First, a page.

In a pretty ordinary street.
But once you cross the threshold, you are in a world of upmarket interior design of the late 1800s splashed across the walls and ceilings of these tiny rooms.
The house is the uplifting story of three generations – the working class artisan painter who created the interior, his granddaughter who protected it while raising her family in it, and the enthusiastic volunteers who discovered the house and raised the funds to restore it.
David Parr was born in 1854 in Cambridge into the poorest family imaginable. At 17, he became an apprentice to F R Leach and worked all his life as an artisan decorator. He painted beautiful, intricate pictures on the walls of churches and the manor houses of rich folk of his time. Frequently, the work was commissioned by famous designers such as William Morris.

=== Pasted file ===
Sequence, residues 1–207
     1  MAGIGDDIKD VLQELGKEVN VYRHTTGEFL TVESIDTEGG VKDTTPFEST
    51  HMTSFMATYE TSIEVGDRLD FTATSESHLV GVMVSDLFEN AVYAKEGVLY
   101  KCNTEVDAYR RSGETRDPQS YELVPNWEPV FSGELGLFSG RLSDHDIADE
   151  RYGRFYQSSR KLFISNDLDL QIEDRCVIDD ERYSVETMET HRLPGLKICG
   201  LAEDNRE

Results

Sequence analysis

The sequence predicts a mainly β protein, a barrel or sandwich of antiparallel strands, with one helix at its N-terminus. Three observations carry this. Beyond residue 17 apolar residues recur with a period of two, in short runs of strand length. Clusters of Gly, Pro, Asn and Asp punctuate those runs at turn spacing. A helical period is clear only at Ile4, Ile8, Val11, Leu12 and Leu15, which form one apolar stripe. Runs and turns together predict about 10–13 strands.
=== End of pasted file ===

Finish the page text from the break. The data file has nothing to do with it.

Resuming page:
Over 40 years, in his free time, David Parr decorated his own modest terraced house in the style of the churches and grand houses he was working on.
On his death in 1927, his granddaughter Elsie moved in and stayed for more than 80 years, conserving her grandfather’s work and living a very private life. Not even the neighbours were aware what contrast the interior held to the outside.
A tiny gem of a place that must be seen on a visit to Cambridge. Admiring the patient, private imagination of one of the men whose work truly creates grand houses, feels like a valuable counter balance to the traditional sights dominating this rich university town.